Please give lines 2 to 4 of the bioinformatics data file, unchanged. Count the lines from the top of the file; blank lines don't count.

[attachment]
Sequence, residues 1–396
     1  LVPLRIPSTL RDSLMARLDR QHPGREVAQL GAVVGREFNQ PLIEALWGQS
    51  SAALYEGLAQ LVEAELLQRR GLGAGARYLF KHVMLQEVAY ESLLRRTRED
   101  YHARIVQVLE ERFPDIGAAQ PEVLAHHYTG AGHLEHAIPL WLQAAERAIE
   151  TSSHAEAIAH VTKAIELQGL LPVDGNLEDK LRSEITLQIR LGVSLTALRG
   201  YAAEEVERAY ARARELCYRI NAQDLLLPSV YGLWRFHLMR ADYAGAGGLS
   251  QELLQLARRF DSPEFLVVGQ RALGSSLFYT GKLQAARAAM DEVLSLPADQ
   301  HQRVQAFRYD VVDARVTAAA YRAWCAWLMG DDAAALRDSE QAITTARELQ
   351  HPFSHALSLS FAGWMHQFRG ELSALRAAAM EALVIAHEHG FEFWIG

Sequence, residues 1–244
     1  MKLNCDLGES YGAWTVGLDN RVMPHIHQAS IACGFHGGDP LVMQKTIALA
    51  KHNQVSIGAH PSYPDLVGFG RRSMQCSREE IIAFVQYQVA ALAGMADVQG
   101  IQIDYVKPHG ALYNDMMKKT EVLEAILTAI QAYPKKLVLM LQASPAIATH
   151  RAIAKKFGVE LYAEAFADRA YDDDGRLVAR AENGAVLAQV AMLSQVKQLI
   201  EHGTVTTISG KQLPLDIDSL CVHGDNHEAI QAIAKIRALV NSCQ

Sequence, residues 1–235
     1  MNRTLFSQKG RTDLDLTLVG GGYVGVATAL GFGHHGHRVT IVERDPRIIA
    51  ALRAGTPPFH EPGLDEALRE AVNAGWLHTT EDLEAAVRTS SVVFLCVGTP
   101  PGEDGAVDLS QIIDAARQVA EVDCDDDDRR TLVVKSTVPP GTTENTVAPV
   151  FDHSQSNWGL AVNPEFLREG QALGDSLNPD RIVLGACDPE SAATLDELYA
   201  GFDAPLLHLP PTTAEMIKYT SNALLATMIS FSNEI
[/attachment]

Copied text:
     1  LVPLRIPSTL RDSLMARLDR QHPGREVAQL GAVVGREFNQ PLIEALWGQS
    51  SAALYEGLAQ LVEAELLQRR GLGAGARYLF KHVMLQEVAY ESLLRRTRED
   101  YHARIVQVLE ERFPDIGAAQ PEVLAHHYTG AGHLEHAIPL WLQAAERAIE